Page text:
Barbara Smith

Barbara Smith

2014 marks the 40th anniversary for one of the most important, yet underrated Black feminist/socialist organization. The Combahee River Collective laid the foundation that broadened the Black feminism perspective to argue that sexism, racism, and racial oppression intersect one another. Their brand of social activism demonstrated that the liberation of Black women didn't have a singular purpose, but was an all-inclusive event that would benefit women around the globe.

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Combahee River Collective co-founder Barbara Smith's introduction to Women's Liberation came as a student on campus at Mount Holyoke College in 1968.  Anti-war activist Mark Rudd was visiting the school  and a woman traveling with him spoke about the Women's Liberation movement. Smith, who had grown up during the hostile time of racial segregation was skeptical about the movement's message and its target audience. "I could not figure out how that [Women's Liberation movement] could be, given the fact that she was White," Smith continued, "What did White women have to complain about?" From her standpoint, the relationship between Black and White had been fraught with tension throughout U.S. history. White women were considered the mistresses of the plantation , while Black women were relegated to slave labor. "It [ the movement's message] was hard for me to grasp from my perspective, because White women were so privileged."

After she graduated college in 1969,  she saw that the playing field wasn't even in regards to women and equal rights. "When I experienced some of the attitudes and issues that all women faced, I became interested in feminism." Recently, some critics have heralded singer Beyoncé's latest album as feminist statement.  Smith says that she's happy that now being called a Black feminist is often considered a compliment.  In the 1970s, when she began to work in the Black feminist movement,  Smith suffered backlash.

"We [Black feminists] were definitely marginalized. Anything that didn't look like it wasn't in support of the central politics of the male-defined Black Power movement was considered disloyal."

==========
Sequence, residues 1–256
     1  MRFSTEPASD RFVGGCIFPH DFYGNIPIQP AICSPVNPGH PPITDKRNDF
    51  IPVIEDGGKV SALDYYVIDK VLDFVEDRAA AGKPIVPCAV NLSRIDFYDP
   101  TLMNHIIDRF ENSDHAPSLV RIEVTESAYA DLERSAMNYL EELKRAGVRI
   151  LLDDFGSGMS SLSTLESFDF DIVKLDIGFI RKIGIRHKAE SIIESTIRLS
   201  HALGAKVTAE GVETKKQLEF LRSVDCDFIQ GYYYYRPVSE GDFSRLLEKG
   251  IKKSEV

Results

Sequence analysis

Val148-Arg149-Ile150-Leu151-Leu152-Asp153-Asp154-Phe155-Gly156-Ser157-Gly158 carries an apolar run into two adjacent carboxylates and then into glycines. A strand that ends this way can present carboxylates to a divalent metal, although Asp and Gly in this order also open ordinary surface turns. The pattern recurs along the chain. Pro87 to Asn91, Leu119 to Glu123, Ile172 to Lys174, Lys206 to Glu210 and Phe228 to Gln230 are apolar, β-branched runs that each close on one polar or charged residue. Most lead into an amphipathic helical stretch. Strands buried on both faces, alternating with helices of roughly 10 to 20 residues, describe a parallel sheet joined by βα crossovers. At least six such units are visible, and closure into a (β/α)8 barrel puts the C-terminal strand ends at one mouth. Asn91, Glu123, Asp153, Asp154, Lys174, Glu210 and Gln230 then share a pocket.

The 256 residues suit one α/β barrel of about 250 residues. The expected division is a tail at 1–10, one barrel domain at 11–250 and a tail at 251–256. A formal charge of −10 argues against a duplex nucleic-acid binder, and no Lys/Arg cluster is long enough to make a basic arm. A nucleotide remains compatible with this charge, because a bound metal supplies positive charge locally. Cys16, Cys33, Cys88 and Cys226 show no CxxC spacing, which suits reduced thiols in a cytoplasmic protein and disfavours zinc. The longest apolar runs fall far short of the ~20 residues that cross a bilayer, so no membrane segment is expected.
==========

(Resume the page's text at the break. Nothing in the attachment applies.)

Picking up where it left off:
In 1973, Barbara Smith's twin sister, Beverly, was working on the staff at Ms. Magazine and had a chance encounter with one of its editors, Margaret Sloan. She was organizing the first eastern regional conference for the National Black Feminist Organization (NBFO) and invited both sisters to the event. The conference called for women of color to convene  in New York City and discuss issues that were being ignored by the White-dominated Women's Liberation movement.  Barbara Smith met with other Boston delegates to establish a local NBFO chapter there. The idea sounded simple, but it fell apart. "It was really difficult for NBFO to sustain a national organization with chapters with inadequate funding and staff," Smith tells EBONY.com. And she and other Boston activists realized that their political agenda was different from the NBFO. In 1974, Smith co-founded the Combahee River Collective with her sister, Beverly, Demita Frazier, and other feminist activists.

"We [CRC] had a multi-issue perspective. It was understood that being radical was to the far left of being progressive. Plus, a number of us had experience in leftist politics and that's one of the things that characterized the Combahee River Collective," Smith declared. The group's name came from the heroic actions of  Harriet Tubman, who solely led a campaign that freed more than 750 slaves at South Carolina's Combahee River in 1863. The CRC's overall mission was clear from its beginning. "We felt very strongly that we had the right to stand up and articulate a politics that looked hard at the conditions of Black women," states CRC member, Demita Frazier.

The CRC hit the ground running with its grassroots approach of addressing issues that plagued women. They got involved in an initiative to stop African, African American, and Puerto-Rican women from being sterilized against their wills. "Doctors would shove consent forms in theit faces right after they'd given birth," Smith sadly commented. In 1977, the Combahee River Collective Statement was written to define the group's political agenda, purpose, and serve as an original plan for other organizations. "We wrote it as a  collective. The content and the fullness of it came from our concious-raising groups and testifying with one another, " says CRC member Demita Frazier.  The statement appeared along with the work of other active feminists in Zillah Eisenstein's 1978 book, Capitalist Patriarchy and the Case for Social Feminism. "They [CRC] were really brave. They just took it all on. I just felt they had to be in the book," says Eisenstein, who teaches Women and Gender Studies at Ithaca College.

The Combahee River Collective disbanded in 1980. Both Barbara Smith and Demita Frazier have found sufficient arenas to flex their political activism skills. Frazier works as a Professional Mentor/Coach. Smith works as Community Project Coordinator for Albany, New York's first female mayor, Kathy Sheehan. She also has a book, Ain't Gonna Let Nobudy Turn Me Around (SUNY Press) that will be released in November. Frazier is optimistic about the future of Black feminism.

"Standing up for what you truly believe in is what's important. Now is the moment. Everybody has a part to play wherever they stand in life."